Month: March 2005

“Bumping” lock-picking paper

Bruce Schneier links to a paper on refinements to bumping, a lockpicking technique for pin-and-tumbler locks where you insert a specially filed-down key and give it a quick whack to bounce the top pins out of the way. The principle is the same as a lockpick gun, though the authors claim it works better.

I haven’t played with lockpicks since my undergrad days, but I’ll probably play around with their method and see how well it works. The biggest question I have is how much wear and tear this method causes to the lock vs. other methods — the paper suggests some ways to limit damage to the lock but it still seems like it’d be worse than the lockpick gun since the driving force is side-long (into the lock) rather than straight up. Still, it’s got to be better than raking the lock. (I remember back when I was an undergrad at MIT there was one door in particular that needed its locks replaced every couple years due to the number of people raking it — most of the better pickers didn’t rake for just that reason.)

Device fingerprinting using clock skew

This is a cute hack — these guys are able to “fingerprint” a networked device just by looking at how quickly its clock loses or gains time compared to the true time (its clock skew).

Example applications include: computer forensics; tracking, with some probability, a physical device as it connects to the Internet from different public access points; counting the number of devices behind a NAT even when the devices use constant or random IP IDs; remotely probing a block of addresses to determine if the addresses correspond to virtual hosts, e.g., as part of a virtual honeynet; and unanonymizing anonymized network traces.

Link by way of Mitch Kapor, who unlike me isn’t so enamored by the elegance of their technique to ignore the obvious security and privacy implications.

Moon-Mars mission a poison pill?

Bob Parks over at What’s New suggests it is…

So what’s really behind “The Vision”? Why is the administration pushing so hard for a science initiative that scientists scorn, and which won’t take place on Bush’s watch? Ah, but that’s the plan. It will be up to the next administration, stuck with a huge deficit, to decide whether to go ahead with a meaningless but staggeringly expensive program to see if humans can do what robots are already doing. As one well-informed NASA watcher put it, “Moon-Mars is a poison pill. It hangs responsibility for ending the humans-in-space program on the next administration.”

Of course, the same could be said of Bush’s tax cut on the one hand and all his red-ink on other — it might just be a mixed blessing to the Republicans to not have at least one Democrat majority to blame by the time all the chickens are back home to roost.

ACLU and Human Rights First Sue Rumsfeld Over U.S. Torture Policies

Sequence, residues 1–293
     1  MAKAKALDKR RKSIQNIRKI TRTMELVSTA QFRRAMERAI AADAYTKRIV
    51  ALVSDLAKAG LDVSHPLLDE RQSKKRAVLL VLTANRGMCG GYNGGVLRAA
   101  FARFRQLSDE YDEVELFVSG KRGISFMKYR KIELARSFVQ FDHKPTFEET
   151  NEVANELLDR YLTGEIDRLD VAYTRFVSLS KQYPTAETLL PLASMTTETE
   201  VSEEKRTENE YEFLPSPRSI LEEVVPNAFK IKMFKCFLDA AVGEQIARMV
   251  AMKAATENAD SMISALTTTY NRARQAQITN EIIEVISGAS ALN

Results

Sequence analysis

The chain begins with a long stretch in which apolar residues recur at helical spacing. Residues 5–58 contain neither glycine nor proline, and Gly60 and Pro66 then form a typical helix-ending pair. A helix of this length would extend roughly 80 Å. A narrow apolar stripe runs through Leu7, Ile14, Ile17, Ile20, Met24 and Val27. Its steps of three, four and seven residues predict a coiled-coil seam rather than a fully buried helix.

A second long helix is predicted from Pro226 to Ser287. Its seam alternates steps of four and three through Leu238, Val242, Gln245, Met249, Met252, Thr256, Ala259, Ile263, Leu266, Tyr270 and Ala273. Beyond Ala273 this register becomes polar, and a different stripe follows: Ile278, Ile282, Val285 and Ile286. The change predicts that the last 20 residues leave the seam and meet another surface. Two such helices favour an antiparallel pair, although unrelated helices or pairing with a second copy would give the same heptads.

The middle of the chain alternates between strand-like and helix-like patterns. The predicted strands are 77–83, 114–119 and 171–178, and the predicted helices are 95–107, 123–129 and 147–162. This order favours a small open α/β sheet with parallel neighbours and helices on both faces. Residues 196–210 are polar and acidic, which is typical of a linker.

The ACLU and Human Rights First are suing Defense Secretary Donald Rumsfeld, seeking “a court order declaring that Secretary Rumsfeld’s actions violated the U.S. Constitution, federal statutes and international law.”

“We believed the United States could correct its policy without resort to the courts. In bringing this action today, we reluctantly conclude that we were wrong.”

A few months ago I attended a panel discussion about the rule of law in light of recent prisoner abuses a few months ago, sponsored by the Stanford Law School and the International Red Cross, Human Rights Watch and Amnesty International. After the legal experts detailed abuse after abuse things looked pretty bleak, so I asked the obvious question: With all the egregious abuses you’ve listed, is the rule of law dead? I was surprised to hear the three panelists (law professors from the U.S. Naval War College, Santa Clara University and Stanford) all agree the answer was “no.” Their assessment was that the President and his administration was clearly abusing the law and Congress had rolled over and played dead, but the Judicial Branch was still doing its job to interpret the law. It’s just that the judicial branch is slow, they explained, and so when the other branches abuse their power it takes a while to rectify.

It looks like this, plus the ruling that the government must either charge or release Jose Padilla, are both small steps showing that slow progress at work.

Case against Rumsfeld Timeline

Complaint against Rumsfeld

Google Auto-link

Google’s Auto-Link feature is generating all sorts of commentary, most of it the perennial “have they crossed the line into scary all-your-base-are-belong-to-us mode yet” type.

I’ve not seen the interface yet (it’s Windows-only, and I’m, well, not). But assuming (a) it’s easy to turn on or off and (b) users can tell what’s an auto-link and what’s original to the webpage I see the application itself as just one more shift in power from the author to the audience, just like TiVo, ad blocking, style-sheet overrides, those DVD-reediting kits for people who don’t like the dirty bits, the remote control and the highlighter pen. I’m in favor of all of them.

There is one thing that does concern me though, and it’s not the application itself, but the bundling of the information source with the Google Desktop app itself. There’s not much they could do about that (and I trust Google a lot more than I trusted Microsoft when they tried this same trick), but I would feel much better if this were a generic open API in my Firefox, where I could pick and choose who handles each of my rewrite rules. Even a benevolent hegemony is dangerous, both in case it stops being benevolent and because it lacks genetic diversity.

So, who’s up for writing an auto-link Firefox plug-in?